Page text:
Sports are a business, and athletes are employees. Their playing careers are their livelihoods, and though the passion of sports fans is refreshing and admirable, it also can also blind them to that fact.
There is a long history of star athletes joining rival teams—Johnny Damon from the Boston Red Sox to the New York Yankees, Luis Figo from Barcelona to Real Madrid. And yet, to hold a grudge against a player for doing what's right for himself, his family and his career is almost always unfair.
In December, the Chicago Cubs signed free-agent outfielder Jason Heyward, who most recently played with the rival St. Louis Cardinals, to an eight-year, $184 million deal.
Heyward barters goods on the side? Who knew?
One fan even gave him the LeBron James "Decision" treatment and set fire to his jersey.
The two teams meet on April 18 in St. Louis, and it's probably not too extreme to predict the Cubs' new addition will hear a few boos. The man played in St. Louis for one year. Settle down.
Jim Harbaugh vs. the SEC
Michigan's head coach has been on a crusade to keep the camps, and he's fought opposition from other conferences, most notably the SEC.
Harbaugh has publicly called out his detractors, often taking to Twitter to air his grievances against folks like SEC Commissioner Greg Sankey, Arkansas coach Bret Bielema, Georgia coach Kirby Smart and Tennessee coach Butch Jones.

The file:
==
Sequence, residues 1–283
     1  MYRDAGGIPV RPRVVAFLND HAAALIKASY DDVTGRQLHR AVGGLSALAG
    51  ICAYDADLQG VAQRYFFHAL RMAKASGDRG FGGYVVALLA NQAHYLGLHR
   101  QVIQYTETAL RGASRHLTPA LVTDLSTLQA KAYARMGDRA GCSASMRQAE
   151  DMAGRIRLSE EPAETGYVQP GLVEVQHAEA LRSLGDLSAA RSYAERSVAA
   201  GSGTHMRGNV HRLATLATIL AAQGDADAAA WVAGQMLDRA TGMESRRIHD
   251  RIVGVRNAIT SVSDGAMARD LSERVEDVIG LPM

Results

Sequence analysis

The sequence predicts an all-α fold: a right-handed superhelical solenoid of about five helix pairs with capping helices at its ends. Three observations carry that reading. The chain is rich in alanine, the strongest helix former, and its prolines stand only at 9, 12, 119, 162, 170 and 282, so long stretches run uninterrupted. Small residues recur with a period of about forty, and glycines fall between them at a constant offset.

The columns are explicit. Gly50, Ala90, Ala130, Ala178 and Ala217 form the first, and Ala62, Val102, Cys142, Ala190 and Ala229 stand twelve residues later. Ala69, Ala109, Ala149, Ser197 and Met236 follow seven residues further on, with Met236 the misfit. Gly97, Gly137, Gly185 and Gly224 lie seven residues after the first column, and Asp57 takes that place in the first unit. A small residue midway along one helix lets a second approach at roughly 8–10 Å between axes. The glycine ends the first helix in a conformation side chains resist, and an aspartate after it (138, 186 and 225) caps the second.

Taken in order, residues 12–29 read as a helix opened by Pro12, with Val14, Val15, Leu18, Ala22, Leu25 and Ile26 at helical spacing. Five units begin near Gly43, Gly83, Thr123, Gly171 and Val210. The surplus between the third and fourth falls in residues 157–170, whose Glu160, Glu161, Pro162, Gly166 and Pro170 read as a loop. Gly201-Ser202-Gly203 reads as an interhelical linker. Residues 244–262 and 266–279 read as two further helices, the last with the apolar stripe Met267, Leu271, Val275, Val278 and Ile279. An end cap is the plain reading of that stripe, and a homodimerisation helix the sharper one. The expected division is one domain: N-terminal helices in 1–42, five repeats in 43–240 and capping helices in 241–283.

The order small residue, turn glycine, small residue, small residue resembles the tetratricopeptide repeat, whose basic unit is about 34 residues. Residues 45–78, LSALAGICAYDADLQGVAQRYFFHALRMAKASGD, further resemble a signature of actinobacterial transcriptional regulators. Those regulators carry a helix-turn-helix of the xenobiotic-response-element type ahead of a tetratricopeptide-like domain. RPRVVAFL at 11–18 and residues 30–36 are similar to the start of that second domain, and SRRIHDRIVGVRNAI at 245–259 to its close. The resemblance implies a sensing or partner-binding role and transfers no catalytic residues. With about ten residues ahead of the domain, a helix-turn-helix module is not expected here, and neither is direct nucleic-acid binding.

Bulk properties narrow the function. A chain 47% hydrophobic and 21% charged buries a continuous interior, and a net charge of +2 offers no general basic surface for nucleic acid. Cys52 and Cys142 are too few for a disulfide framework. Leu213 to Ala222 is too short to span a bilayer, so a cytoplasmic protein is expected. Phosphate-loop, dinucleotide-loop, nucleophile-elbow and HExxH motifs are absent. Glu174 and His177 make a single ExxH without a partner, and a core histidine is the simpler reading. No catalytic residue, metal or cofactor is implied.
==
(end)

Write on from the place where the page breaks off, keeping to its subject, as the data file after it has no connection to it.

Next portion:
According to Creg Stephenson of AL.com, Smart suggested Harbaugh's plans for 2016 spring practices in Florida were a clear attempt to gain a leg up in terms of recruiting.
Harbaugh responded by tweeting, "If the Georgia coach is implying any intent on our part to break rules, he is barking up the wrong tree."
The fight over satellite camps is a complicated one, but at least for now it has come to an end with the NCAA's ruling. Harbaugh's continued social media antagonism is not helping anything other than, perhaps, his own number of Twitter followers.
Landon Donovan vs. Jurgen Klinsmann
Ever since U.S. men's national soccer coach Jurgen Klinsmann left legendary forward Landon Donovan off the 2014 World Cup roster, Donovan has not-so-subtly had it out for the man.
In October 2015, he suggested the coach should be relieved of his duties if a string of poor results continued. A few months earlier during the Women's World Cup, Donovan tweeted his approval of veteran Abby Wambach's presence on the team, which certainly seemed like a veiled shot at Klinsmann.
In March, the U.S. team lost to Guatemala during 2018 World Cup qualifiers, briefly putting its status for the tournament in real danger.
Leading up to a critical rematch, Donovan said on the Dan Patrick Show (via Sports Illustrated), "If you can't beat Guatemala at home in a World Cup qualifier then you probably shouldn't be the coach. It's as simple as that."